While traveling the Sakon Nakhon countryside, you’ll not only see lush, green rice paddies, but also verdant sugar cane fields. Over the past decade, the Thai government has tried to help farmers increase their income by giving them subsidies to replace rice crops with sugar cane. This is because rice prices have been dropping, and sugar cane can bring a higher profit. 80% of the world’s sugar comes from sugar cane, while 20% comes from sugar beets (which are also grown in Thailand)
Thailand has had large sugar cane farms since the 1950s (after the first mill opened in 1938), with the country now being the second largest exporter of sugar in the world. Sugar cane is thus one of Thailand’s most important crops, with 1.76+ million hectares cultivated, 130+ million tons of cane crushed, and over 7 billion dollars generated. It’s only in more recent years that small sugar cane producers have dramatically increased, and while higher profits can be had, a number of problems have also emerged.
One issue is that small sugar cane farmers in Thai provinces like Sakon Nakhon either don’t have access or the resources to rent sugar cane harvesting machines. Thus they burn the sugar cane stalks to make the harvesting of the leaves much easier (It’s the leaves of the sugar cane plant which are processed into sugar). This burning contributes to air pollution.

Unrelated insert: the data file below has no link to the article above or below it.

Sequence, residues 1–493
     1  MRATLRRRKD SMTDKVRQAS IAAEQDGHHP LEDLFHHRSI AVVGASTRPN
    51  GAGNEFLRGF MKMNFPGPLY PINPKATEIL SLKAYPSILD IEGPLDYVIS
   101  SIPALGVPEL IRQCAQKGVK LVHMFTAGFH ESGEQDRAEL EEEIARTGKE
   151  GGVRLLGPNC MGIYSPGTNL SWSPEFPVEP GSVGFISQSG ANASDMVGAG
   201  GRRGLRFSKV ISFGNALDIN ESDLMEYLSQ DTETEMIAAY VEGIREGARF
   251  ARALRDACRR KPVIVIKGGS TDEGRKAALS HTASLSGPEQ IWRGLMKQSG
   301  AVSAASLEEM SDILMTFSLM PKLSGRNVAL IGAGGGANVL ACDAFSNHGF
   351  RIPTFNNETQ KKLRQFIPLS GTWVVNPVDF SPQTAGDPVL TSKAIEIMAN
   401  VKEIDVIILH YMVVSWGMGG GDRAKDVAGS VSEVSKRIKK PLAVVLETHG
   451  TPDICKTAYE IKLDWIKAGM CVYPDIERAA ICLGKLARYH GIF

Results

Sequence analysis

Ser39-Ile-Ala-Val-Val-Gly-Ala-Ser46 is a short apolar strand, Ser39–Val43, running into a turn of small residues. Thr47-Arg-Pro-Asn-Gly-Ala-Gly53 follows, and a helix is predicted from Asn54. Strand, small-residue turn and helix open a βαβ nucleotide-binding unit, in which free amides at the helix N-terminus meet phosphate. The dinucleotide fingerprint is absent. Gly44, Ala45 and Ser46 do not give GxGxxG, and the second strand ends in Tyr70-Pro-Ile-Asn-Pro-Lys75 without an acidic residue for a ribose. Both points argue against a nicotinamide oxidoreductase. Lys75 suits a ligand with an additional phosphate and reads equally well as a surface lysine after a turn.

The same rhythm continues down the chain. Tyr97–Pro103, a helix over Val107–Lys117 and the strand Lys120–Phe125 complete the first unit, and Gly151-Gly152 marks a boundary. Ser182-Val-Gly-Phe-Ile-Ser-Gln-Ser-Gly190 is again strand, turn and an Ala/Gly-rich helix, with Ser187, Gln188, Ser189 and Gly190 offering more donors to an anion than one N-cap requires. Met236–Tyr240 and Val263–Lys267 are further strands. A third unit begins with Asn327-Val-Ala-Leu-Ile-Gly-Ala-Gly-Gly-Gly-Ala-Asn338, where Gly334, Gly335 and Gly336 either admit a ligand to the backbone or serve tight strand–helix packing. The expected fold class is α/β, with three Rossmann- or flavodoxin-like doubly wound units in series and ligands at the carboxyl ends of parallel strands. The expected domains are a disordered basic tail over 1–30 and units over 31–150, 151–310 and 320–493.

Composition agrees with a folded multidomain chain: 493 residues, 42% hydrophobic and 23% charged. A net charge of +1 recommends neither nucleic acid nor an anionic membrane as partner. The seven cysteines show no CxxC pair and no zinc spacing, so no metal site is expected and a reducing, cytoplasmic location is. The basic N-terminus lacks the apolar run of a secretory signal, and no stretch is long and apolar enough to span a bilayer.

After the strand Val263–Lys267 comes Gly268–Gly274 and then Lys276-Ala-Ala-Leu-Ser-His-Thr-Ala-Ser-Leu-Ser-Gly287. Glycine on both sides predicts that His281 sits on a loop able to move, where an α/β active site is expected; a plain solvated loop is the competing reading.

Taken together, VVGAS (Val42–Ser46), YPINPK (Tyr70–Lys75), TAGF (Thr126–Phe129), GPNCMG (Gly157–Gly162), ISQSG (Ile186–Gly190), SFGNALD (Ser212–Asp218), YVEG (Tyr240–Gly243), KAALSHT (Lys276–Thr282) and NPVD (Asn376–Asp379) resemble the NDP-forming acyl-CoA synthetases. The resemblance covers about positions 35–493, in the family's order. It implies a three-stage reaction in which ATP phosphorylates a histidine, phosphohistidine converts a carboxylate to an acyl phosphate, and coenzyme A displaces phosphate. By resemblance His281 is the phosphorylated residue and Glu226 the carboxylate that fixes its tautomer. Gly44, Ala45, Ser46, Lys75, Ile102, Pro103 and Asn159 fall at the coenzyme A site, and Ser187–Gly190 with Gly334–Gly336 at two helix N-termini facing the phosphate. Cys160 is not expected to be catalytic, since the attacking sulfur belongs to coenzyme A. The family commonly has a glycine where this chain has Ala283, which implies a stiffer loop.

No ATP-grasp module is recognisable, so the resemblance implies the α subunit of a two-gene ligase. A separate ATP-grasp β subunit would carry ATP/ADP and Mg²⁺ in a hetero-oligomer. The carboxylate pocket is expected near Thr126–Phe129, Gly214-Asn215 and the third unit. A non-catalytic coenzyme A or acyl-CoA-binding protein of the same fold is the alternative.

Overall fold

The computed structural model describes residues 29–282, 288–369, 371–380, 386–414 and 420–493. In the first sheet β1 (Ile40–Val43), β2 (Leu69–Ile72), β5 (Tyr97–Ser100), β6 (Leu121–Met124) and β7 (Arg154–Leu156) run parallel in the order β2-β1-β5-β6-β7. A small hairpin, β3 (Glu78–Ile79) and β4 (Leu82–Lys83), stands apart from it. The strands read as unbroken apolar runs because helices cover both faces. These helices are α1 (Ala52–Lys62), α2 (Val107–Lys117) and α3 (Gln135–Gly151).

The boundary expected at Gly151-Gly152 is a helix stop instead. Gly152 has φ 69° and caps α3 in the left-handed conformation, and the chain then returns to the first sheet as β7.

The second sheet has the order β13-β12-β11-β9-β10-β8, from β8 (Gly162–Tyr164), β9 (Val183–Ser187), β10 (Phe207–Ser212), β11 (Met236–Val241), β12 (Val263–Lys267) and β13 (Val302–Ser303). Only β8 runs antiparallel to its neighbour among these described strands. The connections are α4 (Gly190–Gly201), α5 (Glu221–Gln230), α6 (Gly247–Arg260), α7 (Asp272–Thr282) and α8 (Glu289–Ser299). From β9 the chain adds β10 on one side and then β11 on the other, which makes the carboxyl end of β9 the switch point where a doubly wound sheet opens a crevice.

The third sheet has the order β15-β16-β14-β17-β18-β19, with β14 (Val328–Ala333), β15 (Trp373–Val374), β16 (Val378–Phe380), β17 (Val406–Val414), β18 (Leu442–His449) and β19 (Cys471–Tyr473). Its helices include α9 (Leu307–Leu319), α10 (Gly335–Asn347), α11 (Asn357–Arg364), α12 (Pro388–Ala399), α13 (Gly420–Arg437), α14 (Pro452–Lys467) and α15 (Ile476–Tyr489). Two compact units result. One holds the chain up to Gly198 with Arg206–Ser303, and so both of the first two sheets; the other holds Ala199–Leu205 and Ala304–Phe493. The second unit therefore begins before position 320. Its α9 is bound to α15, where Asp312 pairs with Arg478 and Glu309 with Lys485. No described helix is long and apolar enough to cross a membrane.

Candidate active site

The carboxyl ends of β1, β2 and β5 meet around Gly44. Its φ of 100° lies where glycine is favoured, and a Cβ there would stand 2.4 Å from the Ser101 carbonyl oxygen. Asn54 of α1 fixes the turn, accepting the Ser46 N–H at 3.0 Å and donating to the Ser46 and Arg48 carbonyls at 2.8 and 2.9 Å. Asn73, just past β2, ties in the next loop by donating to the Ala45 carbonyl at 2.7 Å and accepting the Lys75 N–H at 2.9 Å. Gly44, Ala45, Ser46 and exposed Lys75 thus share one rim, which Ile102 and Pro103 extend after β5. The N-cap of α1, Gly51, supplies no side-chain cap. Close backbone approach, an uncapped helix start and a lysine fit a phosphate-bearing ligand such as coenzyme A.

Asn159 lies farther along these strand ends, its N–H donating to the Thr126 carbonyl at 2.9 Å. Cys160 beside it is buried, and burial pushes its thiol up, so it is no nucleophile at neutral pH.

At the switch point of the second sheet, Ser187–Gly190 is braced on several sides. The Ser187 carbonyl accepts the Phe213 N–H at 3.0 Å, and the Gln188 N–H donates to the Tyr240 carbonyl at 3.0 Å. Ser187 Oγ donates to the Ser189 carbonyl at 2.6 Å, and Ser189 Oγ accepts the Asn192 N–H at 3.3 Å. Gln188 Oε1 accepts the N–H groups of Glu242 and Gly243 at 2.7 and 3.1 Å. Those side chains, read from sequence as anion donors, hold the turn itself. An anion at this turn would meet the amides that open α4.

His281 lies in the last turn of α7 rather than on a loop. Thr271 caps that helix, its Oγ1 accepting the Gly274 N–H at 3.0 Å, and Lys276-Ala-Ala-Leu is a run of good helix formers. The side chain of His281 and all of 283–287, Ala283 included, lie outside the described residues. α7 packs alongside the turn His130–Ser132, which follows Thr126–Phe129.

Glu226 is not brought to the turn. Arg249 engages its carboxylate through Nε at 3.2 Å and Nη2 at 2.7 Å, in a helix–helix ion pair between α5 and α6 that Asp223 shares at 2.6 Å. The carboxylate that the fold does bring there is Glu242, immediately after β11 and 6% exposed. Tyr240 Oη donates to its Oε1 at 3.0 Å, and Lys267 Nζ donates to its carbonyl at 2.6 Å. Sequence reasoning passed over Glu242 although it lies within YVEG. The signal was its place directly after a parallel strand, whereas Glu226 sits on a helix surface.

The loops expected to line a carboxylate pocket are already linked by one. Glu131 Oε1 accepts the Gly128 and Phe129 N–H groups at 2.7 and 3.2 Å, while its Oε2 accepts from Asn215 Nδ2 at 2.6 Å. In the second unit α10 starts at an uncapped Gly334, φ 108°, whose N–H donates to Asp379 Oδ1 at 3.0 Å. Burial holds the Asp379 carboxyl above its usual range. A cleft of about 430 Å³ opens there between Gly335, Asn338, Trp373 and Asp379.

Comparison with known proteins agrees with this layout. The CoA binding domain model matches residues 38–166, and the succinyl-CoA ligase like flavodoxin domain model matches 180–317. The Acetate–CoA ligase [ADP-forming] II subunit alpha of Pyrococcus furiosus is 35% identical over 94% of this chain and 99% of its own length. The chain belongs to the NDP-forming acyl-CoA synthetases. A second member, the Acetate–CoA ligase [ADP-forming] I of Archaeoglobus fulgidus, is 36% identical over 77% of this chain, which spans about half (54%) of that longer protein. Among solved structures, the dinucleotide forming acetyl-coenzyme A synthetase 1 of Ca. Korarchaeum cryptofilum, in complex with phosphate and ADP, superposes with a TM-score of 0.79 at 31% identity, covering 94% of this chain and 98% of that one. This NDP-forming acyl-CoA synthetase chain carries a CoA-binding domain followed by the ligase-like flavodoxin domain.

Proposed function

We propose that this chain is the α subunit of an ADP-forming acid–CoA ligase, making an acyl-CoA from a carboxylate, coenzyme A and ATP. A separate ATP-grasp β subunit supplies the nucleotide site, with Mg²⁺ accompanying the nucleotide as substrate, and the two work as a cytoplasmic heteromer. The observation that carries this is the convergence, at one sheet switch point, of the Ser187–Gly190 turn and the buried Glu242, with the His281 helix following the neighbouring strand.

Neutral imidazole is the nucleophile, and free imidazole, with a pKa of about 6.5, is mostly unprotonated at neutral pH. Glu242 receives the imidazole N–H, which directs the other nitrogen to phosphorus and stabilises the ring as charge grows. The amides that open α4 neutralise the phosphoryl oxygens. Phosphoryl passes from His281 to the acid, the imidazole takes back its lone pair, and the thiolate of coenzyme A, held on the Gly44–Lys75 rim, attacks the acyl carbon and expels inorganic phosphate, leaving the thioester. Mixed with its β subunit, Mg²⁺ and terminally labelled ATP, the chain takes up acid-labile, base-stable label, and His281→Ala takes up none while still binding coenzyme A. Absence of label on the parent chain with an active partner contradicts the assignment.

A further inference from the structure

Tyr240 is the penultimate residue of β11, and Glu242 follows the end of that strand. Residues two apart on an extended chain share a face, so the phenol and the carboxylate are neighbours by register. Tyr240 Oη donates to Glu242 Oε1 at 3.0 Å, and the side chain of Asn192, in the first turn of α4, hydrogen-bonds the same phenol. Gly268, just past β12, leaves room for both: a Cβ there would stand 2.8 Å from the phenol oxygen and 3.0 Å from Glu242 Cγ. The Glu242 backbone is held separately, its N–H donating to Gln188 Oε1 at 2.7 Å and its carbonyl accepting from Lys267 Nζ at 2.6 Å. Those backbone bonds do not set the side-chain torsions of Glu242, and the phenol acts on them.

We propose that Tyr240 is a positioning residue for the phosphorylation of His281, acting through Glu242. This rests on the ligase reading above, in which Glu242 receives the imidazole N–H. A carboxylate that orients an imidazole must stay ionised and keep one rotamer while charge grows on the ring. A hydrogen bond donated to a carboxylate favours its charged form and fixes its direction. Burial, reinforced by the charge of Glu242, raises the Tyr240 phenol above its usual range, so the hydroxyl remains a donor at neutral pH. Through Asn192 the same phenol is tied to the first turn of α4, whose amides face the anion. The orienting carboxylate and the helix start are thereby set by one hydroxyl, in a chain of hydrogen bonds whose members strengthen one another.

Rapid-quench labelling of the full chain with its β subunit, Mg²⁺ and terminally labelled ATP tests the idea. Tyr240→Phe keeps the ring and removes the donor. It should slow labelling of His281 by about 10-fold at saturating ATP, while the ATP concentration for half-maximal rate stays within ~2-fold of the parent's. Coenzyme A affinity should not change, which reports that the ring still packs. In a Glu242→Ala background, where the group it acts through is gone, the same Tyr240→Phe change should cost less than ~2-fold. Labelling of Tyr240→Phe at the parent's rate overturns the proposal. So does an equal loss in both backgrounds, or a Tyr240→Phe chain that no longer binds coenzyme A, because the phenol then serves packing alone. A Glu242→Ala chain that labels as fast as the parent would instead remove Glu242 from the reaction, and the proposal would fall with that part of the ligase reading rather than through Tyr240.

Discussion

Another problematic situation which can arise is the weather. Sugar cane is more sensitive than rice to droughts, as well as too much rain. And in recent years, Northeastern Thailand (Isaan) has be subject to fluctuating weather patterns that have affected the sugar cane yields. This has been especially true for Sakon Nakhon weather and sugar cane cultivation.
Despite these issues, sugar cane farming continues to grow, as demand is strong. Both Sakon Nakhon rice and sugar cane are noted for their high quality. The 4 main types of sugar that local Thai factories produce from sugar cane are: raw sugar (which is dark brown), golden cane sugar (light golden brown), white sugar (used in both homes and restaurants), and refined sugar (used frequently in food manufacturing).